Notice that scientists do not say climate change has caused these extreme events, instead they argue that rising global temperatures have increased the likelihood of extreme events and increased their potency. A common metaphor to describe this phenomenon is that climate change has "loaded the dice" for extreme weather events.

So, what about Hurricane Sandy?

The connection between hurricanes and climate change has come under more debate than heatwaves and droughts, however scientists still point several ways in which the storm may have been exacerbated by climate change. Year-after-year of rising sea levels—caused by climate change due melting glaciers and the fact that warmer waters actually expand—certainly added to Sandy's devastating storm surge, which hit 14 feet in some places. A warmer ocean also results in increased evaporation, leading to heavier precipitation. Combining the sea level rise with more precipitation probably resulted in a double-whammy for coastal flooding.

In addition, higher oceanic temperatures and more precipitation may increase the intensity of some hurricanes. In fact, recent science shows that while hurricanes in general may occur less often due to climate change, particularly intense ones, like Sandy, are expected to occur more frequently in upcoming decades. Temperatures over the Atlantic Ocean were 3 degrees Celsius (5.4 degrees Fahrenheit) above average during the reign of Sandy.

A brown bear in Alaska. Photo by: Rhett A. Butler.
Hurricane Sandy's track. Notice how it veers eastwards. Image by: Cyclonebiskit.
Finally, the hurricane's route was pushed by a rare blocking pattern—an unmoving block of atmosphere pressure—near Greenland. This blocking pattern, which pushed Sandy westwards into New Jersey and New York, may be connected to sea ice loss in the Arctic, according to recent research. Usually a hurricane like Sandy would move out eastwards and perish over the ocean, but this one was steered directly into the coast. Much more research on this theory is needed, but it may be that Arctic sea ice loss—which hit a new record low this year—could have helped form the blocking pattern that brought Sandy along its unusual course.

"I would be very cautious," Stefan Rahmstorf, professor of physics of the oceans at the Potsdam Institute for Climate Impact Research, told Reuters. "But there is reason to suspect that there could be a connection between the record sea ice loss this summer and the path of this storm."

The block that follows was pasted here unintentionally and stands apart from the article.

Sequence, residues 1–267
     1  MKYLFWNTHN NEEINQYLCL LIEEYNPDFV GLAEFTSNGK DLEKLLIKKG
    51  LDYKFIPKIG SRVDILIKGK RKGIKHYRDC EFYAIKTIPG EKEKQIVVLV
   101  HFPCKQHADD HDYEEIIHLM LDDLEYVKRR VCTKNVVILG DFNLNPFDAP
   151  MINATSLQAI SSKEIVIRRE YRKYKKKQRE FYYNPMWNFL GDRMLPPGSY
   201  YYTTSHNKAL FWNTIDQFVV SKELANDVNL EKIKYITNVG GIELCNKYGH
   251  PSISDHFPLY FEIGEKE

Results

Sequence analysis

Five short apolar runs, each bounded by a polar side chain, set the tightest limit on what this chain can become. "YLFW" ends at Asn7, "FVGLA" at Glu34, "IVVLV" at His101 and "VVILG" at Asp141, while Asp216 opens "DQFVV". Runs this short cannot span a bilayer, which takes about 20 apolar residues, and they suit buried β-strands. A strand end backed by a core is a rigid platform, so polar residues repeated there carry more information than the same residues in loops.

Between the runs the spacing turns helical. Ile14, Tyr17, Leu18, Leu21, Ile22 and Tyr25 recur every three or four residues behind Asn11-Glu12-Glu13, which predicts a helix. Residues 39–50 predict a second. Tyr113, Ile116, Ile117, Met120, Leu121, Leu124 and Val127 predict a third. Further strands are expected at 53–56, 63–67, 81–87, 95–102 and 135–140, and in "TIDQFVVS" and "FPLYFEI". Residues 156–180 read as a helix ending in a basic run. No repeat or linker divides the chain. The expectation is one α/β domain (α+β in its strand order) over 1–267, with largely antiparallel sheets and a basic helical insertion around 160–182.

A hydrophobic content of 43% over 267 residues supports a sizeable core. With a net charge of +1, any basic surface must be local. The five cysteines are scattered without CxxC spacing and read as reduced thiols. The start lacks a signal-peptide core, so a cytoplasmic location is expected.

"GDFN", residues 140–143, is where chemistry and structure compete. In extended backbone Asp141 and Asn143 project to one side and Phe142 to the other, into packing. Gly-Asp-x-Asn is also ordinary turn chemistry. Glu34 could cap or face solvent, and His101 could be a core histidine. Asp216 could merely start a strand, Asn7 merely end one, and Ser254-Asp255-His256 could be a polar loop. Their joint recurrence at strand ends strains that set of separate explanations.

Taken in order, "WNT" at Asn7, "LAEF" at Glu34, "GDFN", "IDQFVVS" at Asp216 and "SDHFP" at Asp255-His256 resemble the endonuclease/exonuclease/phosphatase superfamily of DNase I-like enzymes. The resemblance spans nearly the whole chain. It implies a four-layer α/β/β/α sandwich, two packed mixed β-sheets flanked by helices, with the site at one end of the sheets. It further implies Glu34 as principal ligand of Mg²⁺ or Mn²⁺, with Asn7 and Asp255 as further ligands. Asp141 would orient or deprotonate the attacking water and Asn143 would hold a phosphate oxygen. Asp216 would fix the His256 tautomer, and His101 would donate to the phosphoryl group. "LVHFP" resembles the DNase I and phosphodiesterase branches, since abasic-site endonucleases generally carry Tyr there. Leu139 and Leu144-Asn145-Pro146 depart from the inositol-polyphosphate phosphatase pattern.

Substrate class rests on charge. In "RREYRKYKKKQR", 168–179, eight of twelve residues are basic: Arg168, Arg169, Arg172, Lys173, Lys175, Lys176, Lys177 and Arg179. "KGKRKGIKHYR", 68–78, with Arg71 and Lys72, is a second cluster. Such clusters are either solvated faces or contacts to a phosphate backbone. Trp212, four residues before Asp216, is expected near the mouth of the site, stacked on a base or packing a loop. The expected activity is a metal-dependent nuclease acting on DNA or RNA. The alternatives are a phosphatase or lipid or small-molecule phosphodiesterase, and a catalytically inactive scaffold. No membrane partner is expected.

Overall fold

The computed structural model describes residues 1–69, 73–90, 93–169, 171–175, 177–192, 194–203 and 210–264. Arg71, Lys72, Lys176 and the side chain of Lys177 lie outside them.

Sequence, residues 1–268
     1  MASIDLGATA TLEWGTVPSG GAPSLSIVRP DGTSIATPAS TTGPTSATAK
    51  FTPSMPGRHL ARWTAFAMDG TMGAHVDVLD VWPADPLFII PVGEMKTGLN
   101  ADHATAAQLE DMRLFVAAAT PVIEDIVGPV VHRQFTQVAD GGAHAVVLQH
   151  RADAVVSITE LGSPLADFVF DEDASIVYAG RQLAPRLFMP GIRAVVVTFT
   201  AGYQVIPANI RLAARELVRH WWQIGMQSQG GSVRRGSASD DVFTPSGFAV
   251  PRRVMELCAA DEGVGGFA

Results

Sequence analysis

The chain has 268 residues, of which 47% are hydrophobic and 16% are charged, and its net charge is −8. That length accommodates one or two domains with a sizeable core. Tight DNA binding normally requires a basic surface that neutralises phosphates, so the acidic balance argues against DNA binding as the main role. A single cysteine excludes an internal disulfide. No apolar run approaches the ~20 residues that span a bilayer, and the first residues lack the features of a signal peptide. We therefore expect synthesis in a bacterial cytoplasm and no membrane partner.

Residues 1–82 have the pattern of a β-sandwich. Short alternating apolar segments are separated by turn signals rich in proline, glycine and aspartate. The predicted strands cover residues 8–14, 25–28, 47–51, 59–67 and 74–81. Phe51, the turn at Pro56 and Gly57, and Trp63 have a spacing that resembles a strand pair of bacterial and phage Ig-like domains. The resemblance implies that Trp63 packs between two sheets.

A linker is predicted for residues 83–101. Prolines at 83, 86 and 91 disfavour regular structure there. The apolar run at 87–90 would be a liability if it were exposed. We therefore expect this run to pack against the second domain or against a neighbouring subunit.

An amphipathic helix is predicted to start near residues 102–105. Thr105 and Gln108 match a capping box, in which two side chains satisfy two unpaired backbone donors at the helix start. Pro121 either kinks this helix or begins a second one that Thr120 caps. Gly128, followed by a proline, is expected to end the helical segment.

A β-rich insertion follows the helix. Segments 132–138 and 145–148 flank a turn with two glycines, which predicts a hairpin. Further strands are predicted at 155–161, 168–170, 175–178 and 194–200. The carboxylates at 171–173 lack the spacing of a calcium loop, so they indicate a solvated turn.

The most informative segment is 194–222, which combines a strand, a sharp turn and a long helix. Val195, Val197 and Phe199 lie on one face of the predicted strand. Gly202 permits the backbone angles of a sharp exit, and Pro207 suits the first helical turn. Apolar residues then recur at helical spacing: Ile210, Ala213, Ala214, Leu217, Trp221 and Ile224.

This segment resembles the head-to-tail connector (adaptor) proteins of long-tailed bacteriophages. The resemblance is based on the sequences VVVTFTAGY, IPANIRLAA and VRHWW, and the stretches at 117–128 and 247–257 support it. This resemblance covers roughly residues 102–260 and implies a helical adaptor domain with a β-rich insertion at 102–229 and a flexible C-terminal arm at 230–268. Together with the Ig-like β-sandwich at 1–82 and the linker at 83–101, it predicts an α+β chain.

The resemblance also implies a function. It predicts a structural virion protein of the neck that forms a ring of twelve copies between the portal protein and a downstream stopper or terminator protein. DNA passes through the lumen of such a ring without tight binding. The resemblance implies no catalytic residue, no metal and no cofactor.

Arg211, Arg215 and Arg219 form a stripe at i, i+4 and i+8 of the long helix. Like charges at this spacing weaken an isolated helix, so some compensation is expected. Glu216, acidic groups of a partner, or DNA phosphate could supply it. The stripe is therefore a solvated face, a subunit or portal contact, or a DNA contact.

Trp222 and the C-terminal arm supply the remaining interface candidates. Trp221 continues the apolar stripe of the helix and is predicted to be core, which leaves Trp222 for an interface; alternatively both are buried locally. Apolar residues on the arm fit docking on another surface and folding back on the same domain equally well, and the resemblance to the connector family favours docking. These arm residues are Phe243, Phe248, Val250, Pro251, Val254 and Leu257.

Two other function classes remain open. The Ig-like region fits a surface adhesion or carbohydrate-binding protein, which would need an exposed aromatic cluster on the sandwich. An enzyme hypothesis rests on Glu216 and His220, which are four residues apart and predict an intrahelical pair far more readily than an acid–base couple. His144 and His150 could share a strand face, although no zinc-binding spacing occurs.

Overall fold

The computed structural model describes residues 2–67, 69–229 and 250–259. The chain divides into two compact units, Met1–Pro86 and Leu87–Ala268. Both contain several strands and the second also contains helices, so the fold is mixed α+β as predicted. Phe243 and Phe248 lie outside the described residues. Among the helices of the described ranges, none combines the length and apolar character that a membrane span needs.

Much more research on this theory is needed, according to experts. In fact, the research on how the warming atmosphere is impacting extreme weather is still in its infancy. Hurricane Sandy, itself, was a truly bizarre storm—a combination hurricane and snowstorm—that has not been studied widely by climatologists. Still, scientists are beginning to see stark changes in extreme weather around the world, not surprising given that weather-systems are not independent of our climate, and new research is showing that a warmer world is very likely a more extreme one. It's not going to get any better, experts say, until societies begin to dramatically cut greenhouse gas emissions while adapting to a more extreme atmosphere.

Political implications

Hurricane Sandy last night over Georgia and Florida. Photo by: NASA.
Hurricane Sandy last night over Georgia and Florida. Photo by: NASA.

Hurricane Sandy—not the drought, fires, or heatwaves—has brought a sudden debate about climate change in the U.S. media and among U.S. politicians. Hitting just days before the 2012 Presidential election, the storm prompted New York City Mayor Michael Bloomberg on Thursday to endorse Barack Obama for a second term, largely focusing on Obama's stance on climate change.

Barack Obama came into office with ambitious hopes to forge a comprehensive cap-and-trade agreement to cut U.S. greenhouse gas emissions. When that failed, the administration settled for high fuel efficiency standards and new rules on coal-fired plants. However, the last couple years, Obama has discussed climate change only infrequently.

Mitt Romney, for his part, has gone from saying that he believes humans are responsible (at least partially) for current warming—a view espoused by the vast majority of experts and every major scientific institution—to questioning if there is any connection between rising greenhouse gas emissions and climate change. Romney surrogates have also stressed that the ex-governor does not believe the U.S. federal government should regulate greenhouse gas emissions.

At the Republican National Convention, Mitt Romney joked that, "President Obama promised to begin to slow the rise of the oceans and to heal the planet. My promise is to help you and your family." The jab produced much laughter and applause. In the last few years, the Republican Party has shifted largely from debating how to deal with climate change to denying the science.

Both Romney and Obama have remained silent on climate change since Hurricane Sandy.